Ochratoxins are a group of mycotoxins produced by some Aspergillus species and some Penicillium species, especially P. verrucosum. Ochratoxin A is the most prevalent and relevant fungal toxin of this group, while ochratoxins B and C are of lesser importance.

Gliotoxin chemical compound

Gliotoxin is a sulfur-containing mycotoxin that belongs to a class of naturally occurring 2,5-diketopiperazines produced by several species of fungi, especially those of marine origin. It is the most prominent member of the epipolythiopiperazines, a large class of natural products featuring a diketopiperazine with di- or polysulfide linkage. These highly bioactive compounds have been the subject of numerous studies aimed at new therapeutics. Gliotoxin was originally isolated from Gliocladium fimbriatum, and was named accordingly. It is an epipolythiodioxopiperazine metabolite.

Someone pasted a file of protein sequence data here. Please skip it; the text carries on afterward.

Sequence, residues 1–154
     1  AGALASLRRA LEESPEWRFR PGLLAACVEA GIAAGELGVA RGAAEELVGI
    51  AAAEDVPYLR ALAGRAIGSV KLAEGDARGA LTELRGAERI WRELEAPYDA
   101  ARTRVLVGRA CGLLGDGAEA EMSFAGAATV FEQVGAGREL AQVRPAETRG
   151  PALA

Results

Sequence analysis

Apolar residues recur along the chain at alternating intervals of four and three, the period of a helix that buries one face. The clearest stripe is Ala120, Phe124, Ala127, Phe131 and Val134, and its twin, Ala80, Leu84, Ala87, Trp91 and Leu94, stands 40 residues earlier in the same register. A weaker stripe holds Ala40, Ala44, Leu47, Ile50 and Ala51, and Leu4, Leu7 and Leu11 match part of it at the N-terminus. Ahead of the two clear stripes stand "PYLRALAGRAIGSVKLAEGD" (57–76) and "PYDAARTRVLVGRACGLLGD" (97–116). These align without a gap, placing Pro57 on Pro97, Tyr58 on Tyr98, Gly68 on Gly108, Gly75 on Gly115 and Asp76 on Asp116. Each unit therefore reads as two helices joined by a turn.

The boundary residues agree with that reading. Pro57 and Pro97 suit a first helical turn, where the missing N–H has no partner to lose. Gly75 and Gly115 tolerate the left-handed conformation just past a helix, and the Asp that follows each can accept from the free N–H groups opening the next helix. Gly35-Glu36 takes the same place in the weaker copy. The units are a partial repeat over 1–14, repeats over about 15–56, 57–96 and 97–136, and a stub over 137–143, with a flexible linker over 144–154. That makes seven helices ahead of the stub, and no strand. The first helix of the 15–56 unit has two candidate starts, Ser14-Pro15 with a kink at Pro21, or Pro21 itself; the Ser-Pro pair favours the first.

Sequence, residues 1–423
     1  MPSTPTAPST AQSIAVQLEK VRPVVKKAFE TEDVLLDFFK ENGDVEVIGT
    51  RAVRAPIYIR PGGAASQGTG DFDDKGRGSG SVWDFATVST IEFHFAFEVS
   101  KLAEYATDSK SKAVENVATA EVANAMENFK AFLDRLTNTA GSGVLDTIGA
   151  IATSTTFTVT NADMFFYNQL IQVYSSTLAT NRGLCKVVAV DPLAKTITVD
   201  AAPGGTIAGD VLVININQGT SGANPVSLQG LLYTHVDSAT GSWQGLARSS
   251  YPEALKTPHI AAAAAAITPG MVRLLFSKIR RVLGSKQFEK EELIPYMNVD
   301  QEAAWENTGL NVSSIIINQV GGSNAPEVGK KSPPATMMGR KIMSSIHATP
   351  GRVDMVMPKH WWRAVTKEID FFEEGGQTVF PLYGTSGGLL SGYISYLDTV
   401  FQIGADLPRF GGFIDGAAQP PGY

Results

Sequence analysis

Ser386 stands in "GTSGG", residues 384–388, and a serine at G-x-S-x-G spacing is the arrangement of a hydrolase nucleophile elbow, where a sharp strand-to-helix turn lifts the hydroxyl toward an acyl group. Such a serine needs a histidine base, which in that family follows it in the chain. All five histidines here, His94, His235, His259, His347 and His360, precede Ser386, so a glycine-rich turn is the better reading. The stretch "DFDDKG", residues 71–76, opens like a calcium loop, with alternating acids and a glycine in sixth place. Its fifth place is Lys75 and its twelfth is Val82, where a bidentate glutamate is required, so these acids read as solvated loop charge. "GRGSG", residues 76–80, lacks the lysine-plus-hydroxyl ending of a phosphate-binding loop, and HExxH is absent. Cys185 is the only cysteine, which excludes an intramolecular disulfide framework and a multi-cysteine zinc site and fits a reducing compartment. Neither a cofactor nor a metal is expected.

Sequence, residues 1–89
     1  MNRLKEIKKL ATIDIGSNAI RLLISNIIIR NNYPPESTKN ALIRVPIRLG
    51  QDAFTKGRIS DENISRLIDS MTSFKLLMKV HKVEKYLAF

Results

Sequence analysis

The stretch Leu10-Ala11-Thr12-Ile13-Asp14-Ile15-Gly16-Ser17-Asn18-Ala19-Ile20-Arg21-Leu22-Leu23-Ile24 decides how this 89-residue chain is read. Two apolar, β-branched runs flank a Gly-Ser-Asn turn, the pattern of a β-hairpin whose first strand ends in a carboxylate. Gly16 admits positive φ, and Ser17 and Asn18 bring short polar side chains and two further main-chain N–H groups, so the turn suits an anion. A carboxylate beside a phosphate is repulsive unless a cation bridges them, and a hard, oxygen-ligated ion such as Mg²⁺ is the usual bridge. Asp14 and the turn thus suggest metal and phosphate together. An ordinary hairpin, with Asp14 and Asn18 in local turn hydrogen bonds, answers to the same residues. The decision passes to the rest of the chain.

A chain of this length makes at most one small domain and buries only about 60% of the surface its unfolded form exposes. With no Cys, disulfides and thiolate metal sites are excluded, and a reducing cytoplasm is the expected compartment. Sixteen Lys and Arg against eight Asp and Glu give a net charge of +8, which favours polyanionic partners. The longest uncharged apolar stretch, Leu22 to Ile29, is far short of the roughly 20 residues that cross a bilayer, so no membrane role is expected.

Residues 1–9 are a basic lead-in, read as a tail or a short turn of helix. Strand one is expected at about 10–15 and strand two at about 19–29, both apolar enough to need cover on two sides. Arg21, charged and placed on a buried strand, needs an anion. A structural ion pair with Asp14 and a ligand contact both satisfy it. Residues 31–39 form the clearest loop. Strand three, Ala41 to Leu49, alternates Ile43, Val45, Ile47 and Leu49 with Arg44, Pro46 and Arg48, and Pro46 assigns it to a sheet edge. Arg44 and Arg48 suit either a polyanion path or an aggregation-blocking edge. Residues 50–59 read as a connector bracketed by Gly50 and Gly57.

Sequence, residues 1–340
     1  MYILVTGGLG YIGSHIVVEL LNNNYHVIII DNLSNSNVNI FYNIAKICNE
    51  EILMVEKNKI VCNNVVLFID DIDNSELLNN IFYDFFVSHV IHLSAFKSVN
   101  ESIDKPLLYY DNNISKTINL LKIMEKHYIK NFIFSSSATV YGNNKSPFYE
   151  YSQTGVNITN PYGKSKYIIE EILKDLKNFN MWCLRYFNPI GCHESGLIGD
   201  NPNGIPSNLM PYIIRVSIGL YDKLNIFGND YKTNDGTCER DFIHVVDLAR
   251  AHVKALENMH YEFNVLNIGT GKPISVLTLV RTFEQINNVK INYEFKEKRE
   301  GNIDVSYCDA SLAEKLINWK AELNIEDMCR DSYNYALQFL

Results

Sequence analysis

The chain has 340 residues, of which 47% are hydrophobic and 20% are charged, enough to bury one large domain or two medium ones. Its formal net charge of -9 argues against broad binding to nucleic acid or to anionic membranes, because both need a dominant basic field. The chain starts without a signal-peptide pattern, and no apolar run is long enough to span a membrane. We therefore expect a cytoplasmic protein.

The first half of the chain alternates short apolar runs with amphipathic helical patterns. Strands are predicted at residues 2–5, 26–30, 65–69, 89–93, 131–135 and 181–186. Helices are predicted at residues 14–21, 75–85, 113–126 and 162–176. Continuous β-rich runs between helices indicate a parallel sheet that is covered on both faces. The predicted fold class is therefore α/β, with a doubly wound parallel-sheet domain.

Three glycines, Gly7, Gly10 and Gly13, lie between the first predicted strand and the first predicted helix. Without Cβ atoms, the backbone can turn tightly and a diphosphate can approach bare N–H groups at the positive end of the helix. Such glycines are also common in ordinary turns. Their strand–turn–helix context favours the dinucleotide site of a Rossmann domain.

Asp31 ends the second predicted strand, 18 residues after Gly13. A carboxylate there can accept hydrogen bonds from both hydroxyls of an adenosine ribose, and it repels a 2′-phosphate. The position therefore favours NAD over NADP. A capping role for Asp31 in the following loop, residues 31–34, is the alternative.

Mycotoxicology is the branch of mycology that focuses on analyzing and studying the toxins produced by fungi, known as mycotoxins. In the food industry it is important to adopt measures that keep mycotoxin levels as low as practicable, especially those that are heat-stable. These chemical compounds are the result of secondary metabolism initiated in response to specific developmental or environmental signals. This includes biological stress from the environment, such as lower nutrients or competition for those available. Under this secondary path the fungus produces a wide array of compounds in order to gain some level of advantage, such as incrementing the efficiency of metabolic processes to gain more energy from less food, or attacking other microorganisms and being able to use their remains as a food source.

<i>Aspergillus terreus</i> species of fungus